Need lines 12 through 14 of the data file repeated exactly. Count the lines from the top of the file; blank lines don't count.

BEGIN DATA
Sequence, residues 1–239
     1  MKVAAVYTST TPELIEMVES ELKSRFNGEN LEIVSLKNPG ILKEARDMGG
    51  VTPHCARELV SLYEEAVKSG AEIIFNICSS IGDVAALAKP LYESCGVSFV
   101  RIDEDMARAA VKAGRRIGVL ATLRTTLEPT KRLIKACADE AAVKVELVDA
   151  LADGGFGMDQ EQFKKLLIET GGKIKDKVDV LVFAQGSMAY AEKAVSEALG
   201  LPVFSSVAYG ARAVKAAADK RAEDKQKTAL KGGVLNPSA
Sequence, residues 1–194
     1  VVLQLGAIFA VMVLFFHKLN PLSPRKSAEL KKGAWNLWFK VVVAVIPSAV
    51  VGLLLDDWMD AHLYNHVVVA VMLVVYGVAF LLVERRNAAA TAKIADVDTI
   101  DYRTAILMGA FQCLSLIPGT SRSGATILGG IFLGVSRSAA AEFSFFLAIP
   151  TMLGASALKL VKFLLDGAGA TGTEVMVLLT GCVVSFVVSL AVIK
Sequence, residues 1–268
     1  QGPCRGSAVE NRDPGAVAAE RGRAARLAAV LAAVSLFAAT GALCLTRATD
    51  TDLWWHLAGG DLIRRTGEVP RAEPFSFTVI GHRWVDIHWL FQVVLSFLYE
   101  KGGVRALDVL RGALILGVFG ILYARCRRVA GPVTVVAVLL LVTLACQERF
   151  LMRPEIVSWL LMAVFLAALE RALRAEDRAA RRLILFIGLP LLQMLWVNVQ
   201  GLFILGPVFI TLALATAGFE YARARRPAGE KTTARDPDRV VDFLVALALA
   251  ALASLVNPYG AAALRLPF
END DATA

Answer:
Sequence, residues 1–268
     1  QGPCRGSAVE NRDPGAVAAE RGRAARLAAV LAAVSLFAAT GALCLTRATD
    51  TDLWWHLAGG DLIRRTGEVP RAEPFSFTVI GHRWVDIHWL FQVVLSFLYE